Business

Lynne Curry: Holiday parties need good planning

It was the ultimate office party disaster.

When Telstra threw its holiday party, several employees booked hotel rooms so they didn't have to drive home. To save costs, employees shared rooms.

That night, a tipsy female employee brought three male employees into the hotel room she shared with two female co-workers who had already turned in for the night. When one of these co-workers got up to use the bathroom, she encountered the nude female employee and two male employees in the bathtub.

The next day, the company fired the female employee and three male employees, alleging their actions constituted sexual harassment of the co-workers forced to hear and see sexual noises and scenes. The terminated employee sued, claiming unfair dismissal and initially won her case.

The company, however, appealed and ultimately won -- unless you consider their time, legal expenses and the loss of four employees.

At the same time, holiday parties provide great benefit. Some employees consider them a reward. Others value the opportunity to introduce their significant others or spouses to their work family. Many enjoy the chance to informally mingle with those they see at work but never have gotten to know.

If you want to avoid a post-party legal hangover to your company's party, consider these truths and guidelines.

Many drink too much when a company provides unlimited free alcohol. Although most employers guard against this by providing only one to two drink vouchers per attendee, warm-hearted nondrinking employees often give their unused vouchers to others.

Alcohol loosens inhibitions, revealing simmering workplace disputes that can erupt in harsh words or brawls. Have plenty of good food and nonalcoholic beverages available.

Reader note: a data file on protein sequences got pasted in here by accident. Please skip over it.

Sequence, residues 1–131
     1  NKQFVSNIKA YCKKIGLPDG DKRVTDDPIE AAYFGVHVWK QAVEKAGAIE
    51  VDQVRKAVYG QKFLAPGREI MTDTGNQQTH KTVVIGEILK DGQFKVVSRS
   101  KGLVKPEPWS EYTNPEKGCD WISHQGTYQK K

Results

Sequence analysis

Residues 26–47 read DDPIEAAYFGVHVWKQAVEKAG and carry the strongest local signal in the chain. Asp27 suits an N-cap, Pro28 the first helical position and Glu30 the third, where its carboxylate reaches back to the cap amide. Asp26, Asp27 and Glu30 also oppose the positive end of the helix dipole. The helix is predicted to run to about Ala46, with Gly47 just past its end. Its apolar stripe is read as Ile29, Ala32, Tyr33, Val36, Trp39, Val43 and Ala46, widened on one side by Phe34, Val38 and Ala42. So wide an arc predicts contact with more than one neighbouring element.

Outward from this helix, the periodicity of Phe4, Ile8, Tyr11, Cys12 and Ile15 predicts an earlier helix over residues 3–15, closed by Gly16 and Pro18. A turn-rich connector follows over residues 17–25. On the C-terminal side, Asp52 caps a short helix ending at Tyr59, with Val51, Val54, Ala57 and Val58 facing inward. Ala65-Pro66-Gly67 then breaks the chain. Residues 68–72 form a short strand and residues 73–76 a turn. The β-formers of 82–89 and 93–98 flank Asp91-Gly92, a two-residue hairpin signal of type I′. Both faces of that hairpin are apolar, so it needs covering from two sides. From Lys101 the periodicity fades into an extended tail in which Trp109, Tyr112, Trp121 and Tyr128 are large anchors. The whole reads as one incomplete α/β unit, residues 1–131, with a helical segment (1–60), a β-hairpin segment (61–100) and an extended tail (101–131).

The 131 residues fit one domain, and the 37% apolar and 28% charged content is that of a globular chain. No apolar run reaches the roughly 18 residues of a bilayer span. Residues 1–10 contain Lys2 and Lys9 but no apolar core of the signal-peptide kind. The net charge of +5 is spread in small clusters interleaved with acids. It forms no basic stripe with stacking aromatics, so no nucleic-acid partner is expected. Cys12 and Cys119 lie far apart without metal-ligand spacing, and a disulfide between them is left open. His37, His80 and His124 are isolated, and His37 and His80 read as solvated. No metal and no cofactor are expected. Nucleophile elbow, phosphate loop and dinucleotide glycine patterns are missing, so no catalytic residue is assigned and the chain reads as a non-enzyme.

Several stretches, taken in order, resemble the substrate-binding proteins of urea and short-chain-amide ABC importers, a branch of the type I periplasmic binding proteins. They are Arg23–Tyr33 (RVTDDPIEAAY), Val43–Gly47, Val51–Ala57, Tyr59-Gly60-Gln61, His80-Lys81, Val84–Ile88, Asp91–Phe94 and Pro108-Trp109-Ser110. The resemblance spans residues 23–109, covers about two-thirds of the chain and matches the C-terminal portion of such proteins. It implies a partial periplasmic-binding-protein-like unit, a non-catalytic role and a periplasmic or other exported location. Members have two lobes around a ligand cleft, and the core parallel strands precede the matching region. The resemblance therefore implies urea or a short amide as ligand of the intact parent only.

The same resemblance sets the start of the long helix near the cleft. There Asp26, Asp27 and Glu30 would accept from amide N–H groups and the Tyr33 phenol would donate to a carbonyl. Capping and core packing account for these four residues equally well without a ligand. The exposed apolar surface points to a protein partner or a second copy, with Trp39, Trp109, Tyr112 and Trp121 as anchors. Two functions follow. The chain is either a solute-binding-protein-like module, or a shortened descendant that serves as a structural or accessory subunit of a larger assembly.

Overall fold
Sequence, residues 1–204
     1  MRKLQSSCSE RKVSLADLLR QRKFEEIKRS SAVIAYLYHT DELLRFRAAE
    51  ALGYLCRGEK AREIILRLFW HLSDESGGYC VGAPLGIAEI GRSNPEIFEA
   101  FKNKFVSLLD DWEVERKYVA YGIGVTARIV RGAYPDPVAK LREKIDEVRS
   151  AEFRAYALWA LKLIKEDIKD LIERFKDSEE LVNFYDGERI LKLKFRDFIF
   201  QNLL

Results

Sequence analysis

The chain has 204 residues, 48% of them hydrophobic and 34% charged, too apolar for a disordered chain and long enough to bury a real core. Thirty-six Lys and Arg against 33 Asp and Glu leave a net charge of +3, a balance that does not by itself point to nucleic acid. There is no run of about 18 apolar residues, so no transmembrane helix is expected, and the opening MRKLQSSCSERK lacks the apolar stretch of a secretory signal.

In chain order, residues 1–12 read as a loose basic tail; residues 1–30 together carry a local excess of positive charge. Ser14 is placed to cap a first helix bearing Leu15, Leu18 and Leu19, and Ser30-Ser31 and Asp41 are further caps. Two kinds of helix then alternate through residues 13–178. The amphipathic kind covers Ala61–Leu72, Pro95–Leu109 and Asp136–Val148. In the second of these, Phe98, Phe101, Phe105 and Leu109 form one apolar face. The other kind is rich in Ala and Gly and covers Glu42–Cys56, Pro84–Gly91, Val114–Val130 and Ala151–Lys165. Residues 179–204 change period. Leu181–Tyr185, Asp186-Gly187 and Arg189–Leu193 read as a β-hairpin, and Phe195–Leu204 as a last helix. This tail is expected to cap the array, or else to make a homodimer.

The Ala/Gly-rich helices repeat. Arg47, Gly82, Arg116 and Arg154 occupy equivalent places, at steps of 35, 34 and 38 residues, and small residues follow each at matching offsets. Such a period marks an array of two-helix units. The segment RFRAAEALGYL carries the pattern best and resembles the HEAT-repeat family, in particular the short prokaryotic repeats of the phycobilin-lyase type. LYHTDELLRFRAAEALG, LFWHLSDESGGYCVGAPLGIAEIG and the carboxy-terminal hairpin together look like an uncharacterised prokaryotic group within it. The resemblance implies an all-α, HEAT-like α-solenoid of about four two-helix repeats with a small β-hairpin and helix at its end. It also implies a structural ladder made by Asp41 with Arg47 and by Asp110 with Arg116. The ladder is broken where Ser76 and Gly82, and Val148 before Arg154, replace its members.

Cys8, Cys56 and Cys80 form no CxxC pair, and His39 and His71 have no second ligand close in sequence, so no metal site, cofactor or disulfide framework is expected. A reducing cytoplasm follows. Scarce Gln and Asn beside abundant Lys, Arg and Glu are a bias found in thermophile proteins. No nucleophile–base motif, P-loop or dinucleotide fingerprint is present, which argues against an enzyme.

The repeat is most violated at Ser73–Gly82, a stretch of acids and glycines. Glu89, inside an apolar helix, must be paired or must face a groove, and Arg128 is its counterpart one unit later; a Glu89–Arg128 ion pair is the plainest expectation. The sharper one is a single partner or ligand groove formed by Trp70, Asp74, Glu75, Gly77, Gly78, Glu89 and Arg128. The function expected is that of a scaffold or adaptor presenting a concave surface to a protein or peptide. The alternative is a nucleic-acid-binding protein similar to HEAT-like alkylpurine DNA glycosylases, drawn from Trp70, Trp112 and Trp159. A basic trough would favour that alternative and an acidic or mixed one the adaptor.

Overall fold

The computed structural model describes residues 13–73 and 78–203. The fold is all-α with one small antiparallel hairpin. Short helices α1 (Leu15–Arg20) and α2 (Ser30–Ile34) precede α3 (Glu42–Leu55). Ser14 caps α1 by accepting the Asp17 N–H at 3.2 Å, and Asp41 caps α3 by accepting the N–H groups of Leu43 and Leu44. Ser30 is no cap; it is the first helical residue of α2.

Remind your managers and supervisors that they still are managers and supervisors even at a party and thus need to avoid comments or gestures that might trigger a harassment complaint. Because alcohol loosens tongues, ask your managers to avoid conversations about performance, salary, promotion or career prospects. A promise made at a party still is a promise, even if the manager can't remember it.

Ask your managers and HR personnel to step in early if they see someone inebriated or a conversation heading for disaster. Avoid disciplining employees at the party. If necessary, send them home and deal with the incident when you are back at the office and sober.

Realize not everyone wants to come to a company party and don't guilt those who don't show. Further, unless you want a wage and hour issue, don't make party attendance mandatory.

Because even parties held off-site and outside of working hours can be considered an extension of the work environment, employers remain liable for acts of harassment, discrimination, assault or other unwanted conduct. If any allegations result from party activities, follow your normal disciplinary process and ensure you investigate any complaints before taking any action.

When you serve alcohol, you accept partial liability for post-party driving accidents. Close the bar at least an hour before you plan to end the party and make sure you supply ample soft drinks and coffee. Arrange for a no-cost taxi service for any employee who is unable to safely drive home. At management's discretion, be prepared to provide hotel rooms for intoxicated employees -- one room per employee.

Finally, if you schedule a mid-week party, be clear about your expectations regarding next-day absences and don't expect miracles from those who show up for work.

-- Lynne Curry is a management trainer, consultant and president of Alaska's The Growth Company Inc. in Anchorage. Email her at lynne@thegrowthcompany.net.

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